Finally, claimant ascribes error to the administrative law judge’s conclusion that, although claimant had a hearing impairment as of 2012, he failed to establish that he had a measurable hearing impairment at the time he left covered employment with either Cooper or Ryan Walsh.  Decision and Order at 15.  Citing Bruce v. Bath Iron Works, 25 BRBS 157 (1991), the administrative law judge found there is no evidence in the record to project claimant’s hearing loss retroactively to his employment with either Cooper or Ryan Walsh.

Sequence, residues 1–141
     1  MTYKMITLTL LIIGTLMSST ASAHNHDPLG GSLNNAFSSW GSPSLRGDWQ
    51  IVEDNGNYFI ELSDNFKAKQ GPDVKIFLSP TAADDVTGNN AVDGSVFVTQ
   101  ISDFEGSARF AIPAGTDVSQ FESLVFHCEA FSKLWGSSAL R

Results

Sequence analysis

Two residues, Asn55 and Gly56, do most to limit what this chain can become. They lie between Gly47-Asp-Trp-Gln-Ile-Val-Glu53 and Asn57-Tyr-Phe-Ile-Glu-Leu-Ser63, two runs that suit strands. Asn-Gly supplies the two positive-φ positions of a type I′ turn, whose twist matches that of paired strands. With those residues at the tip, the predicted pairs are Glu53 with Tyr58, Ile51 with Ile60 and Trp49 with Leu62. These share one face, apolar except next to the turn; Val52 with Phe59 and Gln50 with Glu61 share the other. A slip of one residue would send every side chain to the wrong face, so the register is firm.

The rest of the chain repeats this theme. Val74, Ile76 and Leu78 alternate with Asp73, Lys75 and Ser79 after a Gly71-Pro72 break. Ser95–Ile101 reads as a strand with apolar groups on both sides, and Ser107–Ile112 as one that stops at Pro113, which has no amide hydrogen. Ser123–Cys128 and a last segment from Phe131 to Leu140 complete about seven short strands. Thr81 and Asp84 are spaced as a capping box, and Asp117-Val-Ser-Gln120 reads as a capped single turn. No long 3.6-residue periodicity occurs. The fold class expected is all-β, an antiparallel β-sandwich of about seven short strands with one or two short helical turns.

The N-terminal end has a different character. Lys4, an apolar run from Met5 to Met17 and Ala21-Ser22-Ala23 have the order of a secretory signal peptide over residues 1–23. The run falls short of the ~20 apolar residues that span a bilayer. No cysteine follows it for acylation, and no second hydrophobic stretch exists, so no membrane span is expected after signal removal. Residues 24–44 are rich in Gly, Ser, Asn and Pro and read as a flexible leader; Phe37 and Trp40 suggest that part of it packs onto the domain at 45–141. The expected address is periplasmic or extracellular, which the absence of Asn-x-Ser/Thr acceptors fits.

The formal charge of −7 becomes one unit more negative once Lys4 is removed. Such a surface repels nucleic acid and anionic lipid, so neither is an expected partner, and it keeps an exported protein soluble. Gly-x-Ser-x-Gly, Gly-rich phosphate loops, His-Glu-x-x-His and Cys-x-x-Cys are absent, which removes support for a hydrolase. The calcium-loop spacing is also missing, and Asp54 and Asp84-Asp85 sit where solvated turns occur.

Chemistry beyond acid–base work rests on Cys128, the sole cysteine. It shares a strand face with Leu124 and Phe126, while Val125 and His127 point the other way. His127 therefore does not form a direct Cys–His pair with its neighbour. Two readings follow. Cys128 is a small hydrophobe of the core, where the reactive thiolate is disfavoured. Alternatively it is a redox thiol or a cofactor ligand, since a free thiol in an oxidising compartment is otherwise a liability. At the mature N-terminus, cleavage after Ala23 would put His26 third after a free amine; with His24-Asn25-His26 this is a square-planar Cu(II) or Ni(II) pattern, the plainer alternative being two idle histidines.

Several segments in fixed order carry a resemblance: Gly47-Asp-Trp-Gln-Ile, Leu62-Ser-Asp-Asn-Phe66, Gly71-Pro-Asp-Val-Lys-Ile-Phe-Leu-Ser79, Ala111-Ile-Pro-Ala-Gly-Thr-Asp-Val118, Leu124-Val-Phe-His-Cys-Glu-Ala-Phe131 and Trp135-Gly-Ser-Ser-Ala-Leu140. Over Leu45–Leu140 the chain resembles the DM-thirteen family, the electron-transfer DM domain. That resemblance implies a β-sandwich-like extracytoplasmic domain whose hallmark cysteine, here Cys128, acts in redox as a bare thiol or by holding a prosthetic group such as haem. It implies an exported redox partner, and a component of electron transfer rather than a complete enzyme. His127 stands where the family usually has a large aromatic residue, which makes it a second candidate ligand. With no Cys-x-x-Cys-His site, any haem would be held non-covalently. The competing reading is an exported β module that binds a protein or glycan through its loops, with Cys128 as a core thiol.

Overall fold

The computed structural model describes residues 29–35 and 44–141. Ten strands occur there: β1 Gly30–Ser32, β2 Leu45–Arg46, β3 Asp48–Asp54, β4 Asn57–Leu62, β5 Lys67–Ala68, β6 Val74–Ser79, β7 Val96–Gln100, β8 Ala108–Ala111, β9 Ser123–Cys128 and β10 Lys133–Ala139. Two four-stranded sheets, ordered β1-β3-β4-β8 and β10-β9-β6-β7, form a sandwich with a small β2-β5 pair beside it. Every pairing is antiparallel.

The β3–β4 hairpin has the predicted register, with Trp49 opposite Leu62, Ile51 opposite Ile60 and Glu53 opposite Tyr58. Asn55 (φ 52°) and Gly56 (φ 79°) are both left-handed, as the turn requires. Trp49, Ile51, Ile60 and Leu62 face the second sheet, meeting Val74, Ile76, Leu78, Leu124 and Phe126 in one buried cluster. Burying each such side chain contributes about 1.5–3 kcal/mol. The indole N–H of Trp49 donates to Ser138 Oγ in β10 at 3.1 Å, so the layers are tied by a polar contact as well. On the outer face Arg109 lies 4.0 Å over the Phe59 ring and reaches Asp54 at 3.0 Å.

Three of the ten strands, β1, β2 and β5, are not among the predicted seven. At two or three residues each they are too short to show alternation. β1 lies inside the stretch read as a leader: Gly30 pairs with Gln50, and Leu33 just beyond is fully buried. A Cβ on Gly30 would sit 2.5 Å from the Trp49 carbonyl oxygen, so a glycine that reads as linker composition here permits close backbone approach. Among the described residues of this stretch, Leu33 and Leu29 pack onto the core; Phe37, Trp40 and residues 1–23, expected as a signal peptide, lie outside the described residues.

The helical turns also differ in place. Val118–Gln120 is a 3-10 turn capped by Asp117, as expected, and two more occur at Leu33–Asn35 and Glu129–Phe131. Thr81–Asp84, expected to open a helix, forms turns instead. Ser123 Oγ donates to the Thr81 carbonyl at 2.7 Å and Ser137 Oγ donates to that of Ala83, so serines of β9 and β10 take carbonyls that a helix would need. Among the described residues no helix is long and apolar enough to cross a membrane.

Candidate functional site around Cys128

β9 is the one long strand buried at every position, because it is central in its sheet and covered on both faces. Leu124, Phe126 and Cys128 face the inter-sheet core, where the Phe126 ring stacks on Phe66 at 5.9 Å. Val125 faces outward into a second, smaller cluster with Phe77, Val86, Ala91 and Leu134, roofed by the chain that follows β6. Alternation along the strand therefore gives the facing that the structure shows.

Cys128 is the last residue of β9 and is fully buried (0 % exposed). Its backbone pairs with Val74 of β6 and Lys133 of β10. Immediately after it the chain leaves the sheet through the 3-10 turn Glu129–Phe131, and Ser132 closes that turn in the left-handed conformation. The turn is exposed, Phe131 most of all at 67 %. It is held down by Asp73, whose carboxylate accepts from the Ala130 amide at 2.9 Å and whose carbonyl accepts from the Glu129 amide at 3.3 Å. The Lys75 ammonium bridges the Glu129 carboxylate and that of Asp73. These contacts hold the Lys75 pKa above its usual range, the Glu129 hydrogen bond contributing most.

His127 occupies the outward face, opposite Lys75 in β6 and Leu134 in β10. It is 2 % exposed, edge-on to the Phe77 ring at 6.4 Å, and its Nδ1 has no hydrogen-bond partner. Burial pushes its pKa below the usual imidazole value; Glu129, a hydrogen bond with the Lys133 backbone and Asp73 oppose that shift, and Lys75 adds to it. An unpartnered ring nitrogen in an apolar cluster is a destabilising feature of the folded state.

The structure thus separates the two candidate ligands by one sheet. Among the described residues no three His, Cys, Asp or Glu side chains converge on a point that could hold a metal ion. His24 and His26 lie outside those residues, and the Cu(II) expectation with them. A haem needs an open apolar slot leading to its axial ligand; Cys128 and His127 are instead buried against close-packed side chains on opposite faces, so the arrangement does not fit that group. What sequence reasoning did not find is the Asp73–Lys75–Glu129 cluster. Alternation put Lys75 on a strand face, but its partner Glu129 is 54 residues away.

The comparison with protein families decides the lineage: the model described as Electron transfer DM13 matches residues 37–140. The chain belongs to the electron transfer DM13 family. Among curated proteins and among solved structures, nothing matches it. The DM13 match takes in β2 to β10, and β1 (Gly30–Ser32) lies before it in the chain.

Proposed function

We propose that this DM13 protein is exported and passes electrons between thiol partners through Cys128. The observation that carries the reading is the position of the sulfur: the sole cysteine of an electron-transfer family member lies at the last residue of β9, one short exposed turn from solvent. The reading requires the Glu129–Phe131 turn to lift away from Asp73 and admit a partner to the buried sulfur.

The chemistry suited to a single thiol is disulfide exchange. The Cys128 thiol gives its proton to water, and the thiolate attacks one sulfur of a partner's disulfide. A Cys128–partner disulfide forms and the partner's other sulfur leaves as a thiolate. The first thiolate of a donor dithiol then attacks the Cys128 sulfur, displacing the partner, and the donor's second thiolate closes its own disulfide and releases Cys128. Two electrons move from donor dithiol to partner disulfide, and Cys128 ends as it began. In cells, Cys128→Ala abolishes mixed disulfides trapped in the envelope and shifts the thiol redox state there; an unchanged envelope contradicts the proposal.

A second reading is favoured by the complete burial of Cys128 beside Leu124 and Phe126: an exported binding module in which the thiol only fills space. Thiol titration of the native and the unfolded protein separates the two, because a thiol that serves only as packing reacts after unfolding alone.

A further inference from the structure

We agree with claimant that the administrative law judge must reconsider this finding as well.  The Board has previously held that in cases of retirees alleging occupational hearing loss, it is not required that claimants “recreate the precise extent of their hearing loss at the date their covered longshore employment terminated.”  Labbe v. Bath Iron Works Corp., 24 BRBS 159, 162 (1990).  Rather, in the absence of credible evidence regarding the extent of claimant’s hearing loss at the time he leaves covered employment, the administrative law judge may evaluate all the relevant evidence of record to determine the extent of the claimant’s work-related hearing loss.  Id.; see also Dubar v. Bath Iron Works Corp., 25 BRBS 5 (1991).  The Board’s decision in Bruce, 25 BRBS 157 is not to the contrary.  In Bruce, the claimant last worked in covered employment in 1953.  There was no evidence of claimant’s work-related hearing loss at that time.  In 1968, the claimant underwent audiometric testing.  This audiogram showed either a 0 percent or a 6.5 percent hearing loss, depending on how the equipment had been calibrated.  The administrative law judge found this audiogram, rather than a 1984 audiogram, to be more probative of the degree of the hearing loss caused by covered employment as it was performed closer in time to when claimant left covered employment in 1953.  Because the evidence did not definitively establish that claimant had any hearing loss in 1968, the Board affirmed the administrative law judge’s finding that claimant did not establish he had a measurable hearing loss in 1953.  Id., 25 BRBS at 160.